What is Scrivener?
For those who are saying, “what the heck is ‘Scrivener?'” here’s what it is, in brief.
For those of you who are saying “Isn’t that what Bartelby was?” your English Lit teacher is smiling in heaven, or in the teacher’s lounge with the burned coffee and permanently stained carpet.
Scrivener is a program, very reasonably priced, I might add, that helps writers of all kinds organize their files however they like.
What’s Cool About Scrivener?
It has various kind of templates, for instance, one for novels. It has a template tailor-made for NaNoWriMo.
If you don’t know what NaNoWriMo is, then click any one of my links herein. NaNoWriMo is a magical internet land that encourages anyone and everyone to buckle down and write the novel that is aching to be born straight from the head of Zeus and begin slouching toward Jerusalem. It is, in short, a wonder of the modern age.
What’s Cool About Scrivener: Take 2
But back to Scrivener. The program has all kinds of useful templates for writing projects, for research papers, for scripts of various stripes and flavors.
The beauty of it is that it helps you organize your book the way you probably think about your book, that is, in scenes, chapters, and parts. And it’s wildly customizable. You can put all kinds of metadata in there. You can tag chapters and scenes with neat codes, notes to self about them, the which you can search later, when your buzz has worn off. You can import entire webpage contents to your research folders. You can color code the crap out of your text with custom highlighting colors. There’s a template for characters, for places, and you can design your own templates.
I love being able to drag scenes from chapter to chapter, willy nilly. I love that each chapter gets its own little index card on which you can put its synopsis. Love, love, love all of this.
Here’s a picture of the interface:
|Scrivener Interface, and yes, that is the prologue of my novel Guardian of the Chalice, as it stands today|
What’s Sucky About Scrivener?
But the hate starts when I try to sync it with my iPad. It doesn’t yet have its own iPad app, and the folks at Literature and Latte, who designed scrivener, have been promising and promising that the app will be here, any second.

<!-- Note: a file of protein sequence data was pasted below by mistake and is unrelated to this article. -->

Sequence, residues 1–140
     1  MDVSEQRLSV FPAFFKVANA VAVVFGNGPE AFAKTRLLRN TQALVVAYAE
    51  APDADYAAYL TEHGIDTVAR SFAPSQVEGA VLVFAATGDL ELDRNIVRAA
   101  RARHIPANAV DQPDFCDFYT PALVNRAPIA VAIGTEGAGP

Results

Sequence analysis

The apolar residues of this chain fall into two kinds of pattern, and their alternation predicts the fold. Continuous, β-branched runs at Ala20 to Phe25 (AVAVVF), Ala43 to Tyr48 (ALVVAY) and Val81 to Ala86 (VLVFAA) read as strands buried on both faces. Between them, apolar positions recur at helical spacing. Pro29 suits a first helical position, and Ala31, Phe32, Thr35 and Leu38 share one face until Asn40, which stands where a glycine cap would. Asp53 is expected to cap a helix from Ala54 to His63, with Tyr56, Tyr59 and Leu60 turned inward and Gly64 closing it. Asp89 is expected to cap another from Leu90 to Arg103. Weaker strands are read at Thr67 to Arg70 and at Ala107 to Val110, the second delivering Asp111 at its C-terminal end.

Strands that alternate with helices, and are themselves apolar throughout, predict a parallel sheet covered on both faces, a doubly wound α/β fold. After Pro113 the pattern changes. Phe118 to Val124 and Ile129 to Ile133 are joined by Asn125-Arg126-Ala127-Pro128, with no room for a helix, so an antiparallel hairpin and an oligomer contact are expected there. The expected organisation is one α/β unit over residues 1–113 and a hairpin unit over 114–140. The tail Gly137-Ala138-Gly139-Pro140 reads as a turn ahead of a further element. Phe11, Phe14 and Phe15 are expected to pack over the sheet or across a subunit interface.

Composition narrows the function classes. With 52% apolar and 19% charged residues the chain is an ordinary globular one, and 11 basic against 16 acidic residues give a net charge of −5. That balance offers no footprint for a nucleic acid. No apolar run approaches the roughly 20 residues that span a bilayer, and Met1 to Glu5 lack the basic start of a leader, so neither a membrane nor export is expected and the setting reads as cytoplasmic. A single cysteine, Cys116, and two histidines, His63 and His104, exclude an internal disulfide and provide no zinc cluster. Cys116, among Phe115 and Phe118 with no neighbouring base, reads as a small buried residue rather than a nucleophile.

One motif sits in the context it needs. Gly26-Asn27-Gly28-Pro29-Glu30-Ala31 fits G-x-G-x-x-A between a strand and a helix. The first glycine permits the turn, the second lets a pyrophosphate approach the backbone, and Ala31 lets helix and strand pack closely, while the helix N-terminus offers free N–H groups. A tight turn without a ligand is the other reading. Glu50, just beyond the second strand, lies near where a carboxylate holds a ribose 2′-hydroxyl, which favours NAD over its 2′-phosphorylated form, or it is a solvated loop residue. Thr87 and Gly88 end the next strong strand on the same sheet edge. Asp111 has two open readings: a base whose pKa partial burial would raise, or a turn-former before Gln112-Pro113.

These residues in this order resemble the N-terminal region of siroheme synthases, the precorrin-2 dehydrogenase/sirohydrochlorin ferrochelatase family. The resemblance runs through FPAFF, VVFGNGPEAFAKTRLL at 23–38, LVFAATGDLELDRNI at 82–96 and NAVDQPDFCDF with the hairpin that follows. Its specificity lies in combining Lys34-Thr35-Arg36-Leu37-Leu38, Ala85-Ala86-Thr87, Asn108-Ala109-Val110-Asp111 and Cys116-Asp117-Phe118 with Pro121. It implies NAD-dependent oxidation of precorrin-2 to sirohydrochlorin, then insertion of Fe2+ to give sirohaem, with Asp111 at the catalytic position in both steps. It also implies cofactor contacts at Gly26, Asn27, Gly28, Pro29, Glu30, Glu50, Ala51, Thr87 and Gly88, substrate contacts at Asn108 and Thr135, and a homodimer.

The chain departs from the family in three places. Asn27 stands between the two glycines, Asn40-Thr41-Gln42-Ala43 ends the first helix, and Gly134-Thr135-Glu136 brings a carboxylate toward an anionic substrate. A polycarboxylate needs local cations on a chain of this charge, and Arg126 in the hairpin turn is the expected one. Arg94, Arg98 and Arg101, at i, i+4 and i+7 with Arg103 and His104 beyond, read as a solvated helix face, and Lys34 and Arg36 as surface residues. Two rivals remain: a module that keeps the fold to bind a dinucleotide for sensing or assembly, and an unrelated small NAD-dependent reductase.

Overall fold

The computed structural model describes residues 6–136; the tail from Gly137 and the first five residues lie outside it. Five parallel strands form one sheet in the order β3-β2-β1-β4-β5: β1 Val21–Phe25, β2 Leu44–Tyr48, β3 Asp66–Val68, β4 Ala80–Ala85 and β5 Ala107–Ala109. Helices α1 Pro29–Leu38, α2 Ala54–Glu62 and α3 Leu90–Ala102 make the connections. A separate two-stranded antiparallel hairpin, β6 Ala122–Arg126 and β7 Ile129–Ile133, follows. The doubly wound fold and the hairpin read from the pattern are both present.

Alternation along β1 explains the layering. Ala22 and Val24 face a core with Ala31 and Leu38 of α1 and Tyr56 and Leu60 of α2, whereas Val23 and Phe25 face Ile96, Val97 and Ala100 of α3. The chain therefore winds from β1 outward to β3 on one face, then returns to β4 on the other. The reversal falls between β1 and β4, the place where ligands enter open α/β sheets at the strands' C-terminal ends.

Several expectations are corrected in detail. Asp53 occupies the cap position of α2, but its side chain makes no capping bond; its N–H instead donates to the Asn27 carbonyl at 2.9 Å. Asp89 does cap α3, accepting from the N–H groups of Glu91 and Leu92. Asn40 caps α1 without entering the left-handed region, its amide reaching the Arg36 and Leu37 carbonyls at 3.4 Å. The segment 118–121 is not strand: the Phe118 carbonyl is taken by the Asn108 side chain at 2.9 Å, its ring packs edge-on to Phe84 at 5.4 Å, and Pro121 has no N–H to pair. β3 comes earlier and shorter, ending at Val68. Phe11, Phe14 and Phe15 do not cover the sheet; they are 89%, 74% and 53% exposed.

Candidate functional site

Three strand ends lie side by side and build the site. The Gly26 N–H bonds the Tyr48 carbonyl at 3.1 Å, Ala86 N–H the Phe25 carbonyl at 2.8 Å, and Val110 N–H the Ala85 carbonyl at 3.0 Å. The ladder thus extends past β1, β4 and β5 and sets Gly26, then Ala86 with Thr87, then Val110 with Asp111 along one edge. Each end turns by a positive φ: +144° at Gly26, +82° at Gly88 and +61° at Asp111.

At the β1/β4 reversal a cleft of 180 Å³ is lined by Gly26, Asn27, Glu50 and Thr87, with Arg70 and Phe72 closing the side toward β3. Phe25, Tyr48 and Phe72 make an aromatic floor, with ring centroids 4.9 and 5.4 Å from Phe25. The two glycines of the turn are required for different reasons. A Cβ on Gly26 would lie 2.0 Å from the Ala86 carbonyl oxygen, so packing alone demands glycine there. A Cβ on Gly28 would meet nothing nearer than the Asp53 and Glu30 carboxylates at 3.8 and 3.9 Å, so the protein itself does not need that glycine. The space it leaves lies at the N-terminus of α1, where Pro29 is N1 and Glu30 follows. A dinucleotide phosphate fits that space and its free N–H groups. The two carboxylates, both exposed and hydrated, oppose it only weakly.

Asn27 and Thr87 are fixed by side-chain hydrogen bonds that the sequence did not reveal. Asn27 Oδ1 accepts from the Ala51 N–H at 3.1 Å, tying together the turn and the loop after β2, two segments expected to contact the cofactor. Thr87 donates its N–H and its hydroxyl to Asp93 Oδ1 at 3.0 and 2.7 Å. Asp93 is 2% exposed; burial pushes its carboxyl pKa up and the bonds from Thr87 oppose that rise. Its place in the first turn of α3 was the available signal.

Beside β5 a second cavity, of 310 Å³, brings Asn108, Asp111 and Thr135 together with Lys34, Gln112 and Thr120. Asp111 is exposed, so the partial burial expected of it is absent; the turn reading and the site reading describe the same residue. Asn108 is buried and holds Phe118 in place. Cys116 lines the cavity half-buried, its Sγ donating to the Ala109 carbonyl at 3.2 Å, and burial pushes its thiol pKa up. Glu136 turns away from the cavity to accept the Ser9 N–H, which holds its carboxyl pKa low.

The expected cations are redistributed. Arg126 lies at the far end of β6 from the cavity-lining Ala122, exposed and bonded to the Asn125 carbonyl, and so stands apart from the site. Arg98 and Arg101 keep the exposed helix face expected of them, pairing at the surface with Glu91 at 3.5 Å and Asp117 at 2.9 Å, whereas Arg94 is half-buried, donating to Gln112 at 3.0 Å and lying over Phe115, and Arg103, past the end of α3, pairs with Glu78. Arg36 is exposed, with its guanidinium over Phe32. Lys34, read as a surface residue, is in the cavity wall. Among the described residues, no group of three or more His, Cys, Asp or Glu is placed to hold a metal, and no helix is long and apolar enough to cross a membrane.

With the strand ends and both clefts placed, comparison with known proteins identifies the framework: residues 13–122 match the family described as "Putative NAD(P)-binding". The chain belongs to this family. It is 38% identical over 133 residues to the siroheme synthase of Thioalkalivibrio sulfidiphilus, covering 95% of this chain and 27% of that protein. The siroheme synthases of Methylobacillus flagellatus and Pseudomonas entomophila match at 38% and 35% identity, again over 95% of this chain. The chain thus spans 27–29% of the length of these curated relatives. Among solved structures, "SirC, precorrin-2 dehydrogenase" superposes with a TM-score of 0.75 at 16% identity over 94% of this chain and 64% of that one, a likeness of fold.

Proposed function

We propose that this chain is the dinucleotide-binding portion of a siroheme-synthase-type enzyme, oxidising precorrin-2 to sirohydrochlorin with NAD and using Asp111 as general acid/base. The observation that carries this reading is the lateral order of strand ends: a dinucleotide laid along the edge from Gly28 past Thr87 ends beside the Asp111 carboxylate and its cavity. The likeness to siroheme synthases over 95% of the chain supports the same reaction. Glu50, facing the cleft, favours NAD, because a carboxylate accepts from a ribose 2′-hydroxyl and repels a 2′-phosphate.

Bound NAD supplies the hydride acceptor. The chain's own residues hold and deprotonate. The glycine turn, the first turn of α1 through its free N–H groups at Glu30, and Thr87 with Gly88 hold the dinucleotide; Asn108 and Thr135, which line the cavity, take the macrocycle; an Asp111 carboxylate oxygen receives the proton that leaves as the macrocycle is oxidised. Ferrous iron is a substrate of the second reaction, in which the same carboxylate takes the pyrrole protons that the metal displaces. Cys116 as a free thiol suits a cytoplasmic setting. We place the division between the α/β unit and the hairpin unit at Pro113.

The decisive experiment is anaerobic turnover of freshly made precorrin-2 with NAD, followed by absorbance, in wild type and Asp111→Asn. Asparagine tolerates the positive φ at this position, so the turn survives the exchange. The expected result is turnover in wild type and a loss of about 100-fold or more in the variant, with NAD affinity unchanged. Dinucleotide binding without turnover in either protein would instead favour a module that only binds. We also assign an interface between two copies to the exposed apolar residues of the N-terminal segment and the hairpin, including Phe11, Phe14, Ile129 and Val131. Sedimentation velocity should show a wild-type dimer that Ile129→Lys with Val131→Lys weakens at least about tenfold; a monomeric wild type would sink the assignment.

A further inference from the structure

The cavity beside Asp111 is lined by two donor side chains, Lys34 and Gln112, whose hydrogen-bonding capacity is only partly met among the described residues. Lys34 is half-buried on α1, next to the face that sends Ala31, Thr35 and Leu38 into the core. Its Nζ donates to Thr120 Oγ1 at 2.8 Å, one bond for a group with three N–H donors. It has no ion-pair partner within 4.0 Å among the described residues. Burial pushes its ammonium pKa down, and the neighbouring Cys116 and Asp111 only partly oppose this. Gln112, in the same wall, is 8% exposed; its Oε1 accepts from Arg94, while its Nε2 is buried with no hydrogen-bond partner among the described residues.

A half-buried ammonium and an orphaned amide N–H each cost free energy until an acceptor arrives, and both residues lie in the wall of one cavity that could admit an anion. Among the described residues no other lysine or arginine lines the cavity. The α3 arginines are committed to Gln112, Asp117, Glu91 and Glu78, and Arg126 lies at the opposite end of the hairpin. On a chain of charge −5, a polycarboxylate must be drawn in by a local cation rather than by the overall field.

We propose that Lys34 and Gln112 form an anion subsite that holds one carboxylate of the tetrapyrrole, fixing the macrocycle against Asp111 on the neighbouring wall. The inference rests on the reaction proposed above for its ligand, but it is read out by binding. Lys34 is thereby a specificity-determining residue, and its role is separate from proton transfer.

But it’s not here yet. Oh, this novelist is getting so tired of waiting for it. When they finally deliver said app, they might do well to name it ‘Godot.’ Because, damn!
And don’t get me started on the Compile feature. I don’t understand why it’s even in there. Too customizable, and in a way that makes no sense to little ole me. Say I just want to export my Scrivener file of my novel just to a simple Word doc. Oh, the bewildering options that come up when I click ‘Compile,’ none of which work the way I would anticipate. To me, it seems somehow easier to have Scrivener translate my novel into Sanskrit than just to output it with some simple formatting, a page break in between chapters, sequentially numbered chapters, a header with, oh, I don’t know, my name and my book’s title upon it. Woe, woe to Compile. Fie upon it!
I got started, but now I’m stopping. Because I’ve decided to do a fast on complaining to clear my psychic space, if you know what I mean. And this sister from New Jersey, she can do her some complaining! Oh it is a major vice of mine.
There’s the Rub
In any event, I love Scrivener’s computer self so much that I can’t give it up, even though I want open a can o whup ass on its mobile “features” and its “Compile” excrementiness. Am I in a shame spiral? Possibly. Send your dollars today.
Any-hoo, below is a post I placed upon the Literature and Latte forum in which they innocently asked for feedback on the Mac version. I don’t think they saw me coming, do you?
Do you use Scrivener to work on your writerly stuff? If not, what do you use?
Please do scroll down and tell me all about your travails, and the little moments of your process, won’t you?
Thanks for visiting my blog. Comments more than welcome, if that’s possible in this space-time continuum.